9. How can I get more traffic and Pinterest followers to make money?
I frequently get questions about how to increase traffic. Moreover, people from all corners of the world – including North America, Europe, Australia, Asia, South America, and Africa – ask me about monetizing their Pinterest presence based on their traffic, posts, and follower count.
Just the other day, for instance, I received an email from a reader asking this:
Hi! my name is Aisha. I have used Pinterest for about 3 years. Last year, I started publishing my posts actively, and right now, I have 1350 followers on Pinterest.
Just like you, I want to make money on Pinterest. I don’t live in the U.S. or Canada but I live in Europe, is it possible to earn money on Pinterest here? If so, how can I do this?
Here’s what I usually say:
You can get visitors from Pinterest and earn money online no matter where you’re from – whether it’s the U.S., Canada, Europe, Asia, or Australia. You can’t make money on Pinterest just by posting images or pins unless you have a solid affiliate marketing strategy without a blog. However, my advice is to start a blog, get people to visit it, and make money by displaying ads. Once you have a lot of visitors, you can join ad groups like Mediavine or Raptive.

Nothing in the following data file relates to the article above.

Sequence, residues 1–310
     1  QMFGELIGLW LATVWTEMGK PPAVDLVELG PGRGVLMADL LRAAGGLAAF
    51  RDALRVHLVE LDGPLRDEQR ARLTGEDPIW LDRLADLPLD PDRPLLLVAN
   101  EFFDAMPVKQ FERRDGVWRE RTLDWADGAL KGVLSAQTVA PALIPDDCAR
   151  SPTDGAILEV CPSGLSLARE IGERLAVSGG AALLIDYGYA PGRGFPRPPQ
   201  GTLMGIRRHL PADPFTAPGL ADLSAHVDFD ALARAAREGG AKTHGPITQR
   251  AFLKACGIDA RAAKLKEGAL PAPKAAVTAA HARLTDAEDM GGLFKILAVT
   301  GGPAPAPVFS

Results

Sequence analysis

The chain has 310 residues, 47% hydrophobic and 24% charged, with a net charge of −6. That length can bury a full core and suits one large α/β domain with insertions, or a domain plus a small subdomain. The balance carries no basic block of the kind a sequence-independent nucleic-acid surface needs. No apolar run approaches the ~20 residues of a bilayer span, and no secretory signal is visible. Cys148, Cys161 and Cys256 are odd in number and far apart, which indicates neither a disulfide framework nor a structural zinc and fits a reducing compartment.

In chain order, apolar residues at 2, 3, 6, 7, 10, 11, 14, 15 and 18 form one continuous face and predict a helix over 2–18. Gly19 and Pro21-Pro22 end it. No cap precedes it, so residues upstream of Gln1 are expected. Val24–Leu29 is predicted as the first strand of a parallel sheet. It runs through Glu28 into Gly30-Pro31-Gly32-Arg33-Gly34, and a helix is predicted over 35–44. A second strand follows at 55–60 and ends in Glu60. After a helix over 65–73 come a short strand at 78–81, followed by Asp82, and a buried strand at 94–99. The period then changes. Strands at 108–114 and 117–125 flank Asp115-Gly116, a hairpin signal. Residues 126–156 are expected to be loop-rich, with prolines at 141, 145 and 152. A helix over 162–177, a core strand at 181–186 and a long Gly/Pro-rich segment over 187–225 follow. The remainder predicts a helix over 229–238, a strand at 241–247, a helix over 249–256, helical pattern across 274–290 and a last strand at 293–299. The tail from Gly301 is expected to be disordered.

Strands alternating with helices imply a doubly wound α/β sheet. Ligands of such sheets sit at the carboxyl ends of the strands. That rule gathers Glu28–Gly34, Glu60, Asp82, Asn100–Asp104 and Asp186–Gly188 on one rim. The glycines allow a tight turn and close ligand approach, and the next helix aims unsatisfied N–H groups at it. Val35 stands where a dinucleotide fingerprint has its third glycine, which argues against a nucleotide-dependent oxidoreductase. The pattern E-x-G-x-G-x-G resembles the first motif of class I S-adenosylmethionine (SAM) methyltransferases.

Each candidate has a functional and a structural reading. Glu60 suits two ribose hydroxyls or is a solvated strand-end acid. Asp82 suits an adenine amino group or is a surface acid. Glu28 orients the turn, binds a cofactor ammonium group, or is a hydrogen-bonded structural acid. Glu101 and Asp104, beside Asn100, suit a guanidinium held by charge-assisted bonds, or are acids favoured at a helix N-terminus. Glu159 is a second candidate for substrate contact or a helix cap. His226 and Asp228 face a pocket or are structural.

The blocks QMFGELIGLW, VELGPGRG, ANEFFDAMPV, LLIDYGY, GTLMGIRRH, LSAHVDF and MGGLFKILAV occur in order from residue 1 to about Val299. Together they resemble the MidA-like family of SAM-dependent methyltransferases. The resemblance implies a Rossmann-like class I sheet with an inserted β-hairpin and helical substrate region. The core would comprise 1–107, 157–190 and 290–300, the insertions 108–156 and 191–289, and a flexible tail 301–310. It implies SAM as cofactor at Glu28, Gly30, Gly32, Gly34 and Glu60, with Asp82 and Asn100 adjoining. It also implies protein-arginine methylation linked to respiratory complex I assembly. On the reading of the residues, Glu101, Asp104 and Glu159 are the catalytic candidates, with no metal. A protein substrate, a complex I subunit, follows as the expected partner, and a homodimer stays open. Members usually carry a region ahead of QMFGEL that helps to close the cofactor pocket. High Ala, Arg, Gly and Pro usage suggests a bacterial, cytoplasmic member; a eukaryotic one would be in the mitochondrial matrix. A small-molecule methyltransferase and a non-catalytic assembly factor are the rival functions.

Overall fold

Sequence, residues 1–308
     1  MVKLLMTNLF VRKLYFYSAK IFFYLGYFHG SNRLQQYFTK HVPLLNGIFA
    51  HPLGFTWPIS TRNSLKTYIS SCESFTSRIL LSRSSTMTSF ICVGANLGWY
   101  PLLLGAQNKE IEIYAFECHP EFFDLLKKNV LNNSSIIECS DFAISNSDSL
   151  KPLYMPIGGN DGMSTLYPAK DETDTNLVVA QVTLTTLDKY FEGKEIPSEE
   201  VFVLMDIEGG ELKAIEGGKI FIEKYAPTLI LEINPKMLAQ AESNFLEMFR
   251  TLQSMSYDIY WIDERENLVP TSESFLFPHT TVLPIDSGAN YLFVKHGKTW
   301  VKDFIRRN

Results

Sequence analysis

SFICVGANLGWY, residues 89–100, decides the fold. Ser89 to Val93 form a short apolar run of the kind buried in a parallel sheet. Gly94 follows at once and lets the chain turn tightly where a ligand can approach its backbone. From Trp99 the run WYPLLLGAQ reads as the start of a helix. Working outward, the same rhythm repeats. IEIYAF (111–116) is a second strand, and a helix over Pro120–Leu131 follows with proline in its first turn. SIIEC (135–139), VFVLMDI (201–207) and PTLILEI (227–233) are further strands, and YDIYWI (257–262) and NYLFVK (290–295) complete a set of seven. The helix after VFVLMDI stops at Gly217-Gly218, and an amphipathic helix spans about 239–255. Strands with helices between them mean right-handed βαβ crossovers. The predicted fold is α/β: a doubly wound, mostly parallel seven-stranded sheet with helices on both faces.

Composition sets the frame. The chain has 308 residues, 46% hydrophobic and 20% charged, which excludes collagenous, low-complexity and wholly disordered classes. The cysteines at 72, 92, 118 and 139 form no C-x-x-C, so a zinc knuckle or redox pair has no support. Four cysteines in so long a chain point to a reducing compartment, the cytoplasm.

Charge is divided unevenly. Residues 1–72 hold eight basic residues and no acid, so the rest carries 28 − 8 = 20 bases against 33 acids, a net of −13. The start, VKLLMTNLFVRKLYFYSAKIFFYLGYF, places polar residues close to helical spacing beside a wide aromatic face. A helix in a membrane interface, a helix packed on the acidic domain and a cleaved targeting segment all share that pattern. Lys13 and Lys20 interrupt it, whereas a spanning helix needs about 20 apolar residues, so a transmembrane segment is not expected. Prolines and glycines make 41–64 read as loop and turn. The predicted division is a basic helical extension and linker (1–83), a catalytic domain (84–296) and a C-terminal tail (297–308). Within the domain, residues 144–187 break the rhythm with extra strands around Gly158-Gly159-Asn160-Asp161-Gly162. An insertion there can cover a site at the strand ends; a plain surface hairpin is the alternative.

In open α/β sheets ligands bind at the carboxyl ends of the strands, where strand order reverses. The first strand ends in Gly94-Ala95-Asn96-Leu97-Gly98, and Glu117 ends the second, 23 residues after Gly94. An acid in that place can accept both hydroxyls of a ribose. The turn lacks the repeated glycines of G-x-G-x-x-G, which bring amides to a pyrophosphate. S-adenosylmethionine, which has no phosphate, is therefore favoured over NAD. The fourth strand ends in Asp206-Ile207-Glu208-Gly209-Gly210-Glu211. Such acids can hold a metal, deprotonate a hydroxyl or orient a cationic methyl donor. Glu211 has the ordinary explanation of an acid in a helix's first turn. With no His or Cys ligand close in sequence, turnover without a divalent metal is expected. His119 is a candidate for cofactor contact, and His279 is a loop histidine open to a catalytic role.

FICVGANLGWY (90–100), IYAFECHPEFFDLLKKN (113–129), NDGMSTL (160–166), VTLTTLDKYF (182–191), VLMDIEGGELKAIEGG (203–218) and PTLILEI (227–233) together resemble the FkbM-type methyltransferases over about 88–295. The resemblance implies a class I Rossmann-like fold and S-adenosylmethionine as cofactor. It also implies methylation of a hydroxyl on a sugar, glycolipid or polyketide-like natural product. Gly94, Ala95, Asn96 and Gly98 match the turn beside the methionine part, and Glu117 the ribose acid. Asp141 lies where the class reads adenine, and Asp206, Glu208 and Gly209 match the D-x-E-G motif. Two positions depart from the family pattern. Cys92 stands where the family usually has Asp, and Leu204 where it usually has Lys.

Once you manage to join either Mediavine or Raptive, it indicates you have a significant amount of traffic. At this point, I’d recommend using affiliate marketing on your blog rather than directly on your pin images. In my honest opinion, this approach is more purposeful and effective than posting images that directly link to affiliate links.
I wouldn’t worry too much about how many followers you have on Pinterest. Having a lot of followers doesn’t always mean you’ll get a ton of visitors or make more money, but it can help when you increase your numbers.
Conclusion on How To Drive Pinterest Traffic To Your Blog
I hope you found this article helpful and insightful. Let me know in the comments below if you have any questions about using Pinterest to drive traffic to your blog. I’ll be more than happy to answer you! 🙂